Oops! I Forgot to Test My Blood-Sugar – Now What?

Did you forget to test your blood-sugar before eating? Even the best diabetes management can go ka-blooey with a slip in memory. And sometimes, let’s admit it, we didn’t really forget. We just wanted to get to the food without the delay of a test. It is easy to just eat, and then say, “Oops! I forgot to test!”.

We might try to catch up with testing and adjustments later, but this simply doesn’t work. It blows your average for the day because you don’t know what your blood sugar level was or how much insulin was needed, if any.

If you forget to test your blood-sugar and you suddenly remember after one or two bites, then go ahead and quickly test right away. The reading will still likely be higher than if you had tested when you were supposed to, but at least you’ll have a better idea of your pre-meal blood-sugar level than a blind guess. If you use a fast-acting insulin you might want to go ahead and take some if the reading is really up there.

If it’s been more than a few bites or a few minutes, then it’s probably useless to test now. Wait an hour after the meal to test, and again at two hours after the meal. You can make reasonable adjustments at the two hour mark, but again, your average for the day will be more guesswork than tested accuracy.

Be sure to mark in your record book that you missed or delayed testing at the right time. If you use a diary system to help you control and manage your diabetes, be sure to include it there as well. By making a record of it, you emphasize it as an error in your mind. This will help motivate you to test before eating in the future, especially if it was a case of just saying the heck with testing, gimme the food.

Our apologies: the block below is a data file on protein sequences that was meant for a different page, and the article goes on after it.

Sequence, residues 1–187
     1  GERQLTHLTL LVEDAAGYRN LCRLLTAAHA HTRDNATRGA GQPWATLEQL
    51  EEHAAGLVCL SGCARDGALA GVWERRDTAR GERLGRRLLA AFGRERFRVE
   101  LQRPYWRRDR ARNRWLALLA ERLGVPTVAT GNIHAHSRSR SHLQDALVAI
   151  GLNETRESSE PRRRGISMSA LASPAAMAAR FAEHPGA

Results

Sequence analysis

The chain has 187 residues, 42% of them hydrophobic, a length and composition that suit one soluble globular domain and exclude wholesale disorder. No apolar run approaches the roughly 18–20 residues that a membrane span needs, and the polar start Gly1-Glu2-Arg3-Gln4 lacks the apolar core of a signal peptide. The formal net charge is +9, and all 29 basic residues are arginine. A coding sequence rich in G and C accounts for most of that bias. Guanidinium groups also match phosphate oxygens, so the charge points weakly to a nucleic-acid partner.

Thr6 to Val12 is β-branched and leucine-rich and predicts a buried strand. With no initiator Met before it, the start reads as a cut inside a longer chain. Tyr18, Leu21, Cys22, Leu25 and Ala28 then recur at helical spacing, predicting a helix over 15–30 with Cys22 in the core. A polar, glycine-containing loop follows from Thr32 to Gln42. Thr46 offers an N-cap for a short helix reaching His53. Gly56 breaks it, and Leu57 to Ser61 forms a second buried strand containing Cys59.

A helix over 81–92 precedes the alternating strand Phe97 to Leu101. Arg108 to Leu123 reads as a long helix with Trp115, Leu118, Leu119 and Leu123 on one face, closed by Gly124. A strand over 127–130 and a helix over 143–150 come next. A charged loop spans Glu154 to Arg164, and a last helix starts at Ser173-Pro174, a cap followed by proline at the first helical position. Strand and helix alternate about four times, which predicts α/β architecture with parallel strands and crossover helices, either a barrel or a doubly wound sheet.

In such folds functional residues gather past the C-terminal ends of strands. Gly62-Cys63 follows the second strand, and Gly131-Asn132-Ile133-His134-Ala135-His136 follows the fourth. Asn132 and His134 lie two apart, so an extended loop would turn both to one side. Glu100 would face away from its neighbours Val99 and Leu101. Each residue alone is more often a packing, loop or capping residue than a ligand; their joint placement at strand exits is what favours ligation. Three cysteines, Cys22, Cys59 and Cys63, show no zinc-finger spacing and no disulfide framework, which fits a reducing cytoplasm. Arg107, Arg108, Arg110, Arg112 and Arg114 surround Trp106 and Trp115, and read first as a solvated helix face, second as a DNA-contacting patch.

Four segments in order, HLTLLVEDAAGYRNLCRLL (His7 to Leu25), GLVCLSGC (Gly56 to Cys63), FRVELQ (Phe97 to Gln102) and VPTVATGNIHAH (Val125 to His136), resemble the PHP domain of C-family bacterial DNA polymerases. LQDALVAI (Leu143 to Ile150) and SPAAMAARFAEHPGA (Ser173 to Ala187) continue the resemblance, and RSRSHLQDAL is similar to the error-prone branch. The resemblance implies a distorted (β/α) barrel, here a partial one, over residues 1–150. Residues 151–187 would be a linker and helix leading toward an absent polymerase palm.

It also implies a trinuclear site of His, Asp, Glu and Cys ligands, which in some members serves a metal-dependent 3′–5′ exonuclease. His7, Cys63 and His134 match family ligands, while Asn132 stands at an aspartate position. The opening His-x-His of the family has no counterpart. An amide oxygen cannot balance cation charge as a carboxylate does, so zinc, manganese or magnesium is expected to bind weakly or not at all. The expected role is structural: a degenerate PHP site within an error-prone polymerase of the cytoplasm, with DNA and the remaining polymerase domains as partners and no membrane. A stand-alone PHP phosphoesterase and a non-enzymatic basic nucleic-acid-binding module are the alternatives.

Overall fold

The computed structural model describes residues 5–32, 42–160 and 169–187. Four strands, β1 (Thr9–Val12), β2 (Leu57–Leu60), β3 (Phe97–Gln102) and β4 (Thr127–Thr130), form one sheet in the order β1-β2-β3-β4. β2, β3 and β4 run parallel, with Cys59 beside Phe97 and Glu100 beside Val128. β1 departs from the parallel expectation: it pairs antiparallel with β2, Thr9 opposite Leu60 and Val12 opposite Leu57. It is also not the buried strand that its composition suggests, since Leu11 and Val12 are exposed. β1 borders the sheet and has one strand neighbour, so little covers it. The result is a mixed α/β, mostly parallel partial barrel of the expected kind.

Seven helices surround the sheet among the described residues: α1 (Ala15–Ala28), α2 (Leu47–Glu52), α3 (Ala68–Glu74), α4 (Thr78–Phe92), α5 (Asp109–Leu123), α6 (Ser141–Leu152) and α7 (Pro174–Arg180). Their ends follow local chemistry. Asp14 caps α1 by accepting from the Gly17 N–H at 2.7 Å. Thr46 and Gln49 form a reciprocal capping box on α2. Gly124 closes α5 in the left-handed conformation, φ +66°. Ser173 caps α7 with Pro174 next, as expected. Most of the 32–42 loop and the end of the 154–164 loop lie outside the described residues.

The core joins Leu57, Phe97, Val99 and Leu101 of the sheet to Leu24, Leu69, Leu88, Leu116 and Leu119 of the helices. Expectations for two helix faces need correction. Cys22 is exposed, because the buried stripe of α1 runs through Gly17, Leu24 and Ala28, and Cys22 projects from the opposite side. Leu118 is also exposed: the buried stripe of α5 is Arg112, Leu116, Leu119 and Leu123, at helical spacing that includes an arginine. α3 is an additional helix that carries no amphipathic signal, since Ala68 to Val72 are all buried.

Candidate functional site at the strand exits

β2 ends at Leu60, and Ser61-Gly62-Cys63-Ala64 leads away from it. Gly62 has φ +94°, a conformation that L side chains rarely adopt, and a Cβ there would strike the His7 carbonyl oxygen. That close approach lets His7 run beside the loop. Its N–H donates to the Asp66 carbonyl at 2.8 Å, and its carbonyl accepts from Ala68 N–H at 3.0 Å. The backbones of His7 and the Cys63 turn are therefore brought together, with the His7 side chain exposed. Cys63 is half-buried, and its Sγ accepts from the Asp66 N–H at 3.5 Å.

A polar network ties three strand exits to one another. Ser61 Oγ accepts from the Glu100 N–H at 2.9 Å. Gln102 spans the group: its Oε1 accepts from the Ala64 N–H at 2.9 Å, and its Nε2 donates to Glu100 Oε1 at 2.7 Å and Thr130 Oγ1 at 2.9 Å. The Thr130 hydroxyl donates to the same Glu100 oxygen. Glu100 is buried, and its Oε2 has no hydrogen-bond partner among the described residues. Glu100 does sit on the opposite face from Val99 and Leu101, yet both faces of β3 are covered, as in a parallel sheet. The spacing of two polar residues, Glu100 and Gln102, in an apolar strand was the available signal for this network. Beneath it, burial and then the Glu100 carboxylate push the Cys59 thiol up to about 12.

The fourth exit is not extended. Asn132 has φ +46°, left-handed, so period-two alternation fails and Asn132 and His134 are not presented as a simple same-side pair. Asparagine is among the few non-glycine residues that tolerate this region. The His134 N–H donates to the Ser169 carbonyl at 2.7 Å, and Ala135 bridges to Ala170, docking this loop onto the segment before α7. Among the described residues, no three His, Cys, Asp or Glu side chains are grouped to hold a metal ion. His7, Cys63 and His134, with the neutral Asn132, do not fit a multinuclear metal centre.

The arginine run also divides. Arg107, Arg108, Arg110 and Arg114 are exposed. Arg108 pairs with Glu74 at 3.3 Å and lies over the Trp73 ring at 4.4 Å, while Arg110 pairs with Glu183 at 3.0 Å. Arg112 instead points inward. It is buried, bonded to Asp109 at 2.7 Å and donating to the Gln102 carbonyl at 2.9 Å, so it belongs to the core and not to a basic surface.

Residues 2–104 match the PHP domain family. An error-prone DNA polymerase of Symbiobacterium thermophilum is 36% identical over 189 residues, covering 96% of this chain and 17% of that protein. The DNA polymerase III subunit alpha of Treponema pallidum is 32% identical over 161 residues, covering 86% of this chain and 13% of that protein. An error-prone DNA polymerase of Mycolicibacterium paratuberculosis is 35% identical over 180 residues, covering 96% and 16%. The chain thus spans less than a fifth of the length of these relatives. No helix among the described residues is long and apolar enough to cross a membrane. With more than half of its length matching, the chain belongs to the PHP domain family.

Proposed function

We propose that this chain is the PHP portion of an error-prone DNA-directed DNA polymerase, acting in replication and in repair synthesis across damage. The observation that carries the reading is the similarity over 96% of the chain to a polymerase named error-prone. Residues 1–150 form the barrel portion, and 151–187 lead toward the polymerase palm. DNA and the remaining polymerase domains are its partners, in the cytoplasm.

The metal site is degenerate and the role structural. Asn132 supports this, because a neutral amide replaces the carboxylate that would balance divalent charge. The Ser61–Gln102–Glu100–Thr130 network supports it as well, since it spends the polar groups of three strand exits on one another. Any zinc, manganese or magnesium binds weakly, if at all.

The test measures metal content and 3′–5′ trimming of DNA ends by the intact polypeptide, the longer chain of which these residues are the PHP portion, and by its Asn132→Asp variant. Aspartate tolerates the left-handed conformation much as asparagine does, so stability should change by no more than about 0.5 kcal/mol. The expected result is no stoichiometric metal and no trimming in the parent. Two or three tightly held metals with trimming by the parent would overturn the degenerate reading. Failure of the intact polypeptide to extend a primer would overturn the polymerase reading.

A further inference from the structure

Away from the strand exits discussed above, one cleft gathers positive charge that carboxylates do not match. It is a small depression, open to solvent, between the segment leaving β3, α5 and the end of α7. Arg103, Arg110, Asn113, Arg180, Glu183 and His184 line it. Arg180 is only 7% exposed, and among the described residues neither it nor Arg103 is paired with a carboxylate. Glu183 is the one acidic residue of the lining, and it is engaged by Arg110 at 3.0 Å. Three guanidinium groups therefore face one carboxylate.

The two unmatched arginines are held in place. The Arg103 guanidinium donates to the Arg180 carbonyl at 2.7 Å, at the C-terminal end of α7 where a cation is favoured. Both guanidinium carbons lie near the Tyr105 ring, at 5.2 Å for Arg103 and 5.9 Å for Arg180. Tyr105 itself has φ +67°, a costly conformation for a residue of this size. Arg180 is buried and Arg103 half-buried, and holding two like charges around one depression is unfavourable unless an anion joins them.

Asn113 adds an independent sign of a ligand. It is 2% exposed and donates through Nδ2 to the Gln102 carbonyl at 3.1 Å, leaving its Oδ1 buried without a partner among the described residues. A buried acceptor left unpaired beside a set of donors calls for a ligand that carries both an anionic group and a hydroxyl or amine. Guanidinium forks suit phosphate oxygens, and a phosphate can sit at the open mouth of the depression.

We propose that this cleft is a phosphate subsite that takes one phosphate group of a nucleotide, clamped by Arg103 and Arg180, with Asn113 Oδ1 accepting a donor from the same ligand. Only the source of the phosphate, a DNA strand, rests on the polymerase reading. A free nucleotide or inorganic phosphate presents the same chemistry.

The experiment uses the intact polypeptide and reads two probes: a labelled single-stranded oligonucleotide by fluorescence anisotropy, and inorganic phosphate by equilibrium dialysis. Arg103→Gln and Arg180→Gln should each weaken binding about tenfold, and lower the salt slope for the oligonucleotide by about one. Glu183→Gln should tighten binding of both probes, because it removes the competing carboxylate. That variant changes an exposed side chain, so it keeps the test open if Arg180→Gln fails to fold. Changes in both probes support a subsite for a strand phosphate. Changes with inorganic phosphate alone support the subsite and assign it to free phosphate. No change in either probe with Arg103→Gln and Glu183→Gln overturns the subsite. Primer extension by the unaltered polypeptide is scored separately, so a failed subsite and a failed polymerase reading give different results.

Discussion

Of course the best thing is not to forget in the first place. Here are a couple of ideas to help you to remember to test before eating. First, always have a test kit available. It seems obvious, but if your kit is at home while you are dining out, then you can’t very well test your blood sugar.

Therefore I recommend having several test kits. Keep one or two at home – near the kitchen or dining room and by your bed – one in your purse if you carry one, perhaps one in your lunch box or locker at work or school. Don’t keep one in your car, however, as the temperatures will often be too hot or cold for accurate readings. Insulin is also very sensitive to temperature.

Try to eat your meals close to the same time every day. Not only is this a good idea for blood sugar control, having a regular routine creates and reinforces habits — such as test first, then eat.

If you have a fancy watch with timers and alarms you can set reminder alarms for pre-meal testing as well as for two hours after meals.

Use bright colored “sticky notes” to remind you. Post them on the refrigerator and pantry door, cabinets, or wherever you will see it when you start to fix a meal or go for something to eat. A bright neon-purple or hot-pink note with a simple: DID YOU TEST? is a quick and simple reminder.

If you wear glasses to read you can put the same message on your glasses case. When you go out to eat, you will be reminded when you pull out your glasses to read the menu.

Think about the circumstances where you forgot to test. If you had it to do over again, how might you have remembered? Put all of these things together and make it a part of your diabetes management, to keep it working smoothly.

Be known by your own web domain (en)

Source by Jaye Marno

Leave a Reply

Your email address will not be published. Required fields are marked *